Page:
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dc.contributor.authorChapman, Betty Fousten_US

Federal legislation, the Office of Technology Assessment of the U. S. Congress, and national and state technological standards strongly encourage faculty to use computer technology in their lessons as a teaching tool. Technological standards have existed for several years that strongly encourage the use of computer technology in colleges and universities as a teaching tool. Yet it is difficult for faculty to infuse technology into their teaching.

The purpose of this study was to assess and identify the factors that influence business teacher educators to adopt computer technology methods and utilize them in their instruction and to determine the extent to which business teacher educators are adopting computer technology in their teaching. The population consisted of 95 members of the National Association of Teacher Educators for Business Education.

Findings from the descriptive statistics revealed that the largest percentage of the business teacher educators were early adopters. They indicated that they always used word processing and almost always integrated computers, projectors, and email in their instruction during the past semester. The study also found certain social, organizational, and personal motivational factors that the business teacher educators considered as very important in influencing them to adopt emerging computer technology for use in their instruction.

The means revealed differences within the respondents' personal and employment characteristics and the extent to which they adopt current computer technology as a teaching tool; however, an analysis of variance (ANOVA) indicated no significant difference between these variables. Also, multiple regression analysis revealed that the importance of students, a specific adoption category, and the importance of physical resources (hardware) significantly predicted computer technology adoption.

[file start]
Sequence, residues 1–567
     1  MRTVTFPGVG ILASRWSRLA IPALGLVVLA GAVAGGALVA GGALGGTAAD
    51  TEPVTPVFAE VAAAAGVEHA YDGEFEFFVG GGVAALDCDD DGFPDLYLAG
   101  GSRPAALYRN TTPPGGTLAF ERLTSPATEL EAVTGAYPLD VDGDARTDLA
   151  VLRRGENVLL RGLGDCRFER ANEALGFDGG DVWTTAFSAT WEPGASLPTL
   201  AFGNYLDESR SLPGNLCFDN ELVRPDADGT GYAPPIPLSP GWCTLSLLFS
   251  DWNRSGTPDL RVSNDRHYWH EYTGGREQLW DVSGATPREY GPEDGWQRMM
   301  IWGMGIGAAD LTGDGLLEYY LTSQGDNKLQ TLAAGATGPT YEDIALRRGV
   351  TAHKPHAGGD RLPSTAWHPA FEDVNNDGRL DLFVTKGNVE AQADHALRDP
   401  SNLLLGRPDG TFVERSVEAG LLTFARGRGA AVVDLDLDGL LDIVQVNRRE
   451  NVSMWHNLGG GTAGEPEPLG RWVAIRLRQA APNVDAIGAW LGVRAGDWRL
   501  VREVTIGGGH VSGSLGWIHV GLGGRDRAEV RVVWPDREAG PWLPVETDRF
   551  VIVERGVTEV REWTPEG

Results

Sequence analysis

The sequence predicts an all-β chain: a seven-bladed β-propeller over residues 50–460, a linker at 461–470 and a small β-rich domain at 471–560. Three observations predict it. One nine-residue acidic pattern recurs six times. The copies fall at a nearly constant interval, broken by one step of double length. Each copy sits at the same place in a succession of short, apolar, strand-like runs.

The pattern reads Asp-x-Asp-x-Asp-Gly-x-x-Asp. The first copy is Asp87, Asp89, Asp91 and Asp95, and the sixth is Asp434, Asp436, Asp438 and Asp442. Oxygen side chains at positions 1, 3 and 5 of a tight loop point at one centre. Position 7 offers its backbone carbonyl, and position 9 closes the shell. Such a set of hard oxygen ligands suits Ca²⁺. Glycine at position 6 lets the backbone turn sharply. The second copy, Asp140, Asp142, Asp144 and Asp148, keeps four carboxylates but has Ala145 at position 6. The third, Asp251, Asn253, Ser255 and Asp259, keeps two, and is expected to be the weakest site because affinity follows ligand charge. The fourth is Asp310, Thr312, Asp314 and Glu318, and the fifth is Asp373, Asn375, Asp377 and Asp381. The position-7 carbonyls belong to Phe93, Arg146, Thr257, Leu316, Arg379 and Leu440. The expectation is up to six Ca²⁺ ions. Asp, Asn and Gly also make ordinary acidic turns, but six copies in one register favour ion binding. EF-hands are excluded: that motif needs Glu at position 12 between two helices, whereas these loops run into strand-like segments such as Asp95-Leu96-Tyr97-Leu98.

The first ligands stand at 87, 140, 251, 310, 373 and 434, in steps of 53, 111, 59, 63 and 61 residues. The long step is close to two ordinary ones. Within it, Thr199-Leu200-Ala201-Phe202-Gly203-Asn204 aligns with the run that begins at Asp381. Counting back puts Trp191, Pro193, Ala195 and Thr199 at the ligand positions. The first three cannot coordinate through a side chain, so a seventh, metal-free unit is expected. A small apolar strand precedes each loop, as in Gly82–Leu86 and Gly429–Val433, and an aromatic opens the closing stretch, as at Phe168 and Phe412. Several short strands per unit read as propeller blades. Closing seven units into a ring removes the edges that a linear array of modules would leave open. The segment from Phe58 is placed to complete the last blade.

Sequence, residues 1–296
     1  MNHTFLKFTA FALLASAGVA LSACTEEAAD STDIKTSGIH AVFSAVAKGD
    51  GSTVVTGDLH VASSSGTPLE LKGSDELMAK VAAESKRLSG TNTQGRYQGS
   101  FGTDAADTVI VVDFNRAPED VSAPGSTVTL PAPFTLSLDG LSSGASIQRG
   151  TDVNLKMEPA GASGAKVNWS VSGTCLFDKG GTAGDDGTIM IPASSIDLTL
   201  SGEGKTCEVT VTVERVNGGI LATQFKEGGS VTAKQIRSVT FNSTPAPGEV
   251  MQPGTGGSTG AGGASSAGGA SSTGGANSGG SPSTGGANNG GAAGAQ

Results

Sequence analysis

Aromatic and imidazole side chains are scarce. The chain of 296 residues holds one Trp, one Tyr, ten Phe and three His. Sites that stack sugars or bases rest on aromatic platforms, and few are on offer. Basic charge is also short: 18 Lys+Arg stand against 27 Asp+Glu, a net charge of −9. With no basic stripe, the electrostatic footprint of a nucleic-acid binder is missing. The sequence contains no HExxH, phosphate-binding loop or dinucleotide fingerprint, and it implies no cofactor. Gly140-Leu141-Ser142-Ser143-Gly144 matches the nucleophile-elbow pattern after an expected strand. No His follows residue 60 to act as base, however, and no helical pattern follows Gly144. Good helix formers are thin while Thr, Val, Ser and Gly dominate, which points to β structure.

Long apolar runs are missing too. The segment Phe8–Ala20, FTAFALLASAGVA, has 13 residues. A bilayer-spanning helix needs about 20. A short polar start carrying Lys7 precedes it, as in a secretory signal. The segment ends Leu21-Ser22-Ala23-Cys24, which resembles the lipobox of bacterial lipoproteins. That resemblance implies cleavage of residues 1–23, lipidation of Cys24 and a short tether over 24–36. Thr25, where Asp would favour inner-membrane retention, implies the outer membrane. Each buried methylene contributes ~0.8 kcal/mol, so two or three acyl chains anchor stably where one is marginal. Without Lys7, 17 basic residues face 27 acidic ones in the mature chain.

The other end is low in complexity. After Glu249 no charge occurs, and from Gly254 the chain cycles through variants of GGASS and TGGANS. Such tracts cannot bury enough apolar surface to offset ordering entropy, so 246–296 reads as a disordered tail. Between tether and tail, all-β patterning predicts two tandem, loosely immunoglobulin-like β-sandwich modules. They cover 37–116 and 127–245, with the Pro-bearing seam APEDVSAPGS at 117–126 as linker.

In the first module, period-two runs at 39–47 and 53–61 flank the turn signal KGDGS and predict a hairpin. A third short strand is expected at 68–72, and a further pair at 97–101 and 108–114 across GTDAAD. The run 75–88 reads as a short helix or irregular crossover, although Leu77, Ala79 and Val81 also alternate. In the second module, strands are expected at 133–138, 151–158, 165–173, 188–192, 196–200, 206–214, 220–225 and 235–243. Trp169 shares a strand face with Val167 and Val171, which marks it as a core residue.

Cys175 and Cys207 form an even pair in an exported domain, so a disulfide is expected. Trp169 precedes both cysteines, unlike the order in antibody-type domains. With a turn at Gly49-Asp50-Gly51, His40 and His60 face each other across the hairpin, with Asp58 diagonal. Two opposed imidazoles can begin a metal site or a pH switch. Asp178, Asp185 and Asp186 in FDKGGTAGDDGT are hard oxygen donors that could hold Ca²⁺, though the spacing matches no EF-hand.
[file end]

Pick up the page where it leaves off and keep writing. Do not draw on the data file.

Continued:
The study also revealed that the business teacher educators in this study have the potential to serve as change agents and role models for their student clientele and peers since the findings suggest that these faculty members are among the first individuals to adopt computer technology for use in their instruction. The findings from the study have the potential to contribute to the development of an adopter profile that could be used to identify potential adopters of emerging computer technology.

dc.publisherVirginia Techen_US
dc.rightsI hereby certify that, if appropriate, I have obtained and attached hereto a written permission statement from the owner(s) of each third party copyrighted matter to be included in my thesis, dissertation, or project report, allowing distribution as specified below. I certify that the version I submitted is the same as that approved by my advisory committee. I hereby grant to Virginia Tech or its agents the non-exclusive license to archive and make accessible, under the conditions specified below, my thesis, dissertation, or project report in whole or in part in all forms of media, now or hereafter known. I retain all other ownership rights to the copyright of the thesis, dissertation or project report. I also retain the right to use in future works (such as articles or books) all or part of this thesis, dissertation, or project report.en_US
dc.subjectcomputer history in educationen_US
dc.subjectcomputer technologyen_US
dc.subjectinstructional technologyen_US
dc.subjectdiffusion of innovation theoryen_US
dc.titleAn Assessment of Business Teacher Educators' Adoption of Computer Technologyen_US
dc.contributor.departmentTeaching and Learningen_US
dc.description.degreePh. D.en_US D.en_US Polytechnic Institute and State Universityen_US and Instructionen_US
dc.contributor.committeechairHeath-Camp, Betty A.en_US
dc.contributor.committeememberHolmes, Glen A.en_US
dc.contributor.committeememberSkaggs, Gary E.en_US
dc.contributor.committeememberBrown, Ralphael L.en_US
dc.contributor.committeememberStewart, Daisy L.en_US

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